© 2024 WGLT
A public service of Illinois State University
Play Live Radio
Next Up:
0:00 0:00
Available On Air Stations

Mayor Mwilambwe delays the city council selection over disagreement on his preferred choice

Mboka Mwilambwe sitting at city council meeting
Emily Bollinger
Bloomington Mayor Mboka Mwilambwe had said he hopes the city can fill a city council vacancy by early September.
WGLT is community powered. It’s the Fall Fund Drive and your financial support at WGLT.org is the power we rely on to keep your favorite NPR programs on the air and your newsroom local. Join the community that powers WGLT with a contribution.

Bloomington Mayor Mboka Mwilambwe is seeking to build consensus for a city council vacancy in Ward 6, when there’s majority support on the council for his initial choice.

The mayor’s attempt to achieve broader support for his nomination has delayed council representation for residents in parts of downtown and southwest Bloomington for over a month and drawn comparisons to his own contentious appointment to the council 10 years ago.

Two sources with knowledge of the situation tell WGLT Mwilambwe sought the council’s approval for Levi Champion, one of 10 candidates who filed for the vacancy in August following Jenn Carrillo’s resignation, two years into their term. A majority of the council had indicated support for Champion, according to the sources.

Champion works for Country Financial as a direct sales supervisor, according to his LinkedIn profile. Champion declined to comment for the story.

Mwilambwe has resisted presenting Champion to the council for formal approval because of some council opposition.

“It’s proving more difficult than anticipated,” Mwilambwe said at the Sept. 27 council meeting when he explained why he had not yet presented a candidate for the council. He initially said he hoped to have a nomination by early September, shortly after the seat became open.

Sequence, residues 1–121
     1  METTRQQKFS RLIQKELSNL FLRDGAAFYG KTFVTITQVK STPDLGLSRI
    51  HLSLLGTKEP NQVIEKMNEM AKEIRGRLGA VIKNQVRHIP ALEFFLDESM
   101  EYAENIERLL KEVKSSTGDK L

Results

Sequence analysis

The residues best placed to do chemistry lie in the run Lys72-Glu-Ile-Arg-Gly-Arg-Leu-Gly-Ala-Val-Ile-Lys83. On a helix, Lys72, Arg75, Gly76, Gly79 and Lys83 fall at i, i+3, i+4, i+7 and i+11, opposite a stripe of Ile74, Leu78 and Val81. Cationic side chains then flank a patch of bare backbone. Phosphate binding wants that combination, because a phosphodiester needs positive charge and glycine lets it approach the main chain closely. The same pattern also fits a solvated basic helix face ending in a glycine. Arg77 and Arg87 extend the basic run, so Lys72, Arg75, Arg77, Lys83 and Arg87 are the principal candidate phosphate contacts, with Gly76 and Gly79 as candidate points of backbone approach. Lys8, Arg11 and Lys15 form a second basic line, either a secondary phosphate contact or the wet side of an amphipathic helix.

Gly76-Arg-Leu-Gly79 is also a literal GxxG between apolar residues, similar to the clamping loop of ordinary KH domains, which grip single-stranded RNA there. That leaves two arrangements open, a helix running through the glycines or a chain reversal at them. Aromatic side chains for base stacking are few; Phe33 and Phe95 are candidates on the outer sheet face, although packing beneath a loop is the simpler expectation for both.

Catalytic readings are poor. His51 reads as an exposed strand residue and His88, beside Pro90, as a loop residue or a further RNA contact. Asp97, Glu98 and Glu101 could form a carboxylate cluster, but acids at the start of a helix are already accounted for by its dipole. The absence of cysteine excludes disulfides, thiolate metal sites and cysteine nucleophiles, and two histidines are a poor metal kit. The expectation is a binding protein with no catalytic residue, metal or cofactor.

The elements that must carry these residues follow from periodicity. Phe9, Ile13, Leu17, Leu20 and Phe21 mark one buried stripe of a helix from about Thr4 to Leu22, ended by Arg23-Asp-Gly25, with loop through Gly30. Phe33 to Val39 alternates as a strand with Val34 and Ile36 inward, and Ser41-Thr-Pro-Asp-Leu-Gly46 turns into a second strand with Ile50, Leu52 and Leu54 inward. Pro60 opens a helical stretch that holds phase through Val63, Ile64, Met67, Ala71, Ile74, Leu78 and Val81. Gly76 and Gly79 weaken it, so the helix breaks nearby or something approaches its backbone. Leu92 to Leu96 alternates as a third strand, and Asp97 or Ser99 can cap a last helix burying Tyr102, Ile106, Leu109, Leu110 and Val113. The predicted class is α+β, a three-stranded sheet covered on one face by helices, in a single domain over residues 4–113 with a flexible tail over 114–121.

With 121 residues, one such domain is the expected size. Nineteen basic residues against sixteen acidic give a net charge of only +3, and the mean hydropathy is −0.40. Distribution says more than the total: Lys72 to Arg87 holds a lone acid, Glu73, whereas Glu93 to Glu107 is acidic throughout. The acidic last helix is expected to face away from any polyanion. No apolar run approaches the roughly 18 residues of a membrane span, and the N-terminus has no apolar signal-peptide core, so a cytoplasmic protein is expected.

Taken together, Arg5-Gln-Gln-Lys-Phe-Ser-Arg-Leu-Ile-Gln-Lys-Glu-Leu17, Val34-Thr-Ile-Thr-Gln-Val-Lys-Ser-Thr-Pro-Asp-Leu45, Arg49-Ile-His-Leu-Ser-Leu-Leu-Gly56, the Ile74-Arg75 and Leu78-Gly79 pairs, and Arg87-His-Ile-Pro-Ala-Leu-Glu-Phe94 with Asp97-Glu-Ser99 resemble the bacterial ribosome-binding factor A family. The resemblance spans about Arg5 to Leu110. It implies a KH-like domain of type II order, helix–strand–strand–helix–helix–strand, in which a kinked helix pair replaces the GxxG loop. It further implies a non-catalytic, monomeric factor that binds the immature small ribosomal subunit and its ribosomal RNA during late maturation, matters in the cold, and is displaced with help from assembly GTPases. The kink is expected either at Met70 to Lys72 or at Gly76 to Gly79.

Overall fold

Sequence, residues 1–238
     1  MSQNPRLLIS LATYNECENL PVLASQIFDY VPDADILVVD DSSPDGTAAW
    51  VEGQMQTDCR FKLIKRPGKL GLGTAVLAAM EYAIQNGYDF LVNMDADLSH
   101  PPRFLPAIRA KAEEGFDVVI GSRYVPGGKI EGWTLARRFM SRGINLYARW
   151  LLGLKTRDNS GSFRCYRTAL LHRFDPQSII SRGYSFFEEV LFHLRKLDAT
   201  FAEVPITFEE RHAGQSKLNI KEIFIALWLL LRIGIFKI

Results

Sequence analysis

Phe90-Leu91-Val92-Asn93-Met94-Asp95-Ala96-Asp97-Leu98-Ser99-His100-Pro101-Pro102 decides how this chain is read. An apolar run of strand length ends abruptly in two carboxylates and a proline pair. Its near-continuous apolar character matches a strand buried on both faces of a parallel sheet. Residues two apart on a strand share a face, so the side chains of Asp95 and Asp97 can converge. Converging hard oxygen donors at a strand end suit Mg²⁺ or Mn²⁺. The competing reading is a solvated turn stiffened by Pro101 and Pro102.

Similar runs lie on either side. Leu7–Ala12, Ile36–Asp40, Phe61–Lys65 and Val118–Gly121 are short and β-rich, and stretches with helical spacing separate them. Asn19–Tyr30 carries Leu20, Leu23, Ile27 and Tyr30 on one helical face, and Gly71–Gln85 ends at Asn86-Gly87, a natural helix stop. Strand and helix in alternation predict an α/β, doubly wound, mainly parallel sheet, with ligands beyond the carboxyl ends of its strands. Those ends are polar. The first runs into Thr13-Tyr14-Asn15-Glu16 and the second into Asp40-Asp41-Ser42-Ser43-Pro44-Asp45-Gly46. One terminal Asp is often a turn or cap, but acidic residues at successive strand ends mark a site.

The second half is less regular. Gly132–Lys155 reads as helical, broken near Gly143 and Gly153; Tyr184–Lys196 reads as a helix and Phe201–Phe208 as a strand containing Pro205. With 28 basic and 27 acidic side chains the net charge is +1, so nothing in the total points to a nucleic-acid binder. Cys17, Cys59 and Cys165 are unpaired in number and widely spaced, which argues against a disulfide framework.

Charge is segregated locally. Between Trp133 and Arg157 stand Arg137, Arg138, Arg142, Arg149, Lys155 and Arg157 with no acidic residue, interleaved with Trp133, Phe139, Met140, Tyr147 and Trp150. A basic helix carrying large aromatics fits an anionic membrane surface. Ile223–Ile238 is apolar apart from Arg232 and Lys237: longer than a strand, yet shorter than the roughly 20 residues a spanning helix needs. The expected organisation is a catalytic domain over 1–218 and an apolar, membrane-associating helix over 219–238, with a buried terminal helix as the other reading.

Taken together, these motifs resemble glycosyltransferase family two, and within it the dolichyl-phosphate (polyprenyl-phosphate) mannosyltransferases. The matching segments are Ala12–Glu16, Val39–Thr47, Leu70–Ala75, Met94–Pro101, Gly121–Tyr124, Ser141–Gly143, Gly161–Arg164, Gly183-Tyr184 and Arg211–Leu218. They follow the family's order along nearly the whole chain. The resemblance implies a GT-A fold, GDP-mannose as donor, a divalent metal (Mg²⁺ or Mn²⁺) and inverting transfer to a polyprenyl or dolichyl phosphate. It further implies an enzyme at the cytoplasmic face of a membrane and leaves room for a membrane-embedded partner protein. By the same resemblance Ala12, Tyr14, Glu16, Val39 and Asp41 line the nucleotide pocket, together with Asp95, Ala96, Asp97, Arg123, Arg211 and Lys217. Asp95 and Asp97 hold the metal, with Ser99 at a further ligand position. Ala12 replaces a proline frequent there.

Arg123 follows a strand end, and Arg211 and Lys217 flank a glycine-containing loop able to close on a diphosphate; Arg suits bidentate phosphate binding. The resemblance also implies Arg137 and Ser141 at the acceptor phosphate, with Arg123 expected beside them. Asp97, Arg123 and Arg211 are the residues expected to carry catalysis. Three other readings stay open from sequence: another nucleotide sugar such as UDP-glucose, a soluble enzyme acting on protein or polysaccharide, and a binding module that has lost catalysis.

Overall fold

Mwilambwe would not say which council members have expressed support for which candidates, and did not confirm which candidate he has backed, but he said tallying support is a moving target as council members talk with the candidates and amongst themselves.

“Some candidates also talk to those council members and reach out to get to know them and share their views. So that can change,” Mwilambwe said to WGLT.

Ward 4 council member Julie Emig said she would support Champion as the new representative for Ward 6, but she said the mayor should take time to build more support.

“I think it would have been great to have the results sooner, but I fully support the mayor’s time and deliberation because he wants to make sure he has covered his bases and is really trying to achieve as much consensus as possible, which is the right thing to do,” Emig said.

Ward 3 council member Sheila Montney did not say which candidate she supports. She said she planned to meet Champion on Thursday.

“I don’t have an opinion to offer one way or another at this point because I really don’t know anything about him firsthand,” Montney said.

One of the candidates under consideration, JohAnna Chambers, withdrew her candidacy, according to the sources.

Mwilambwe said he is trying to avoid a similar circumstance that preceded his appointment to the council a decade ago. Mwilambwe, who was elected mayor in April, was appointed by then-mayor Steve Stockton to fill a vacancy in Ward 3 in 2011. Stockton appointed him after the council voted down the choice. Bloomington voters later elected Mwilambwe to the seat in 2013 and re-elected him in 2017.

Mwilambwe recalled that his fellow council members told him their vote against him was nothing personal, but he didn’t feel “warmly” received by all of his council colleagues.

“I’d like to avoid that for somebody coming on to the council, so that they can have a good experience and can hit the ground running and not have to worry about that,” he said.

There are clear ideological divisions on the council. Mwilambwe acknowledged that could make consensus difficult.

“I think anything is possible. I’m somebody who is always hopeful and positive,” Mwilambwe said. Mwilambwe said he’s still not certain when he will have a candidate to submit to the council for consideration.

The city has until Oct. 30 to fill the vacancy, or 60 days from Carrillo’s resignation date. The person appointed would serve the remaining 19 months on the term.

Eric Stock is the News Director at WGLT. You can contact Eric at ejstoc1@ilstu.edu.
Related Content